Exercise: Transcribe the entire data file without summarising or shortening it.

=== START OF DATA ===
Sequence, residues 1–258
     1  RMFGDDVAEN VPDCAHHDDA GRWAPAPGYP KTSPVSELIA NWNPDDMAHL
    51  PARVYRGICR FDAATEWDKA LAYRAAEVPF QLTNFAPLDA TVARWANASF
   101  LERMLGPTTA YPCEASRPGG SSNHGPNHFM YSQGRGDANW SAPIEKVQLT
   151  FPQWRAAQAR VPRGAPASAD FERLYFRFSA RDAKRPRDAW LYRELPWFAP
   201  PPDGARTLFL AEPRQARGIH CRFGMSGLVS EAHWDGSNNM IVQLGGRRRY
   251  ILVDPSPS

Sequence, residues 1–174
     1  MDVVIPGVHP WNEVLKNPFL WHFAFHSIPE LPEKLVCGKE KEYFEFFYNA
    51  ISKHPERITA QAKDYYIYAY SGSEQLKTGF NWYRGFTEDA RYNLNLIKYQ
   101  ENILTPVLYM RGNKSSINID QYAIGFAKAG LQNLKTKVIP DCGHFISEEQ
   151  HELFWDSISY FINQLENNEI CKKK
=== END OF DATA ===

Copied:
Sequence, residues 1–258
     1  RMFGDDVAEN VPDCAHHDDA GRWAPAPGYP KTSPVSELIA NWNPDDMAHL
    51  PARVYRGICR FDAATEWDKA LAYRAAEVPF QLTNFAPLDA TVARWANASF
   101  LERMLGPTTA YPCEASRPGG SSNHGPNHFM YSQGRGDANW SAPIEKVQLT
   151  FPQWRAAQAR VPRGAPASAD FERLYFRFSA RDAKRPRDAW LYRELPWFAP
   201  PPDGARTLFL AEPRQARGIH CRFGMSGLVS EAHWDGSNNM IVQLGGRRRY
   251  ILVDPSPS

Sequence, residues 1–174
     1  MDVVIPGVHP WNEVLKNPFL WHFAFHSIPE LPEKLVCGKE KEYFEFFYNA
    51  ISKHPERITA QAKDYYIYAY SGSEQLKTGF NWYRGFTEDA RYNLNLIKYQ
   101  ENILTPVLYM RGNKSSINID QYAIGFAKAG LQNLKTKVIP DCGHFISEEQ
   151  HELFWDSISY FINQLENNEI CKKK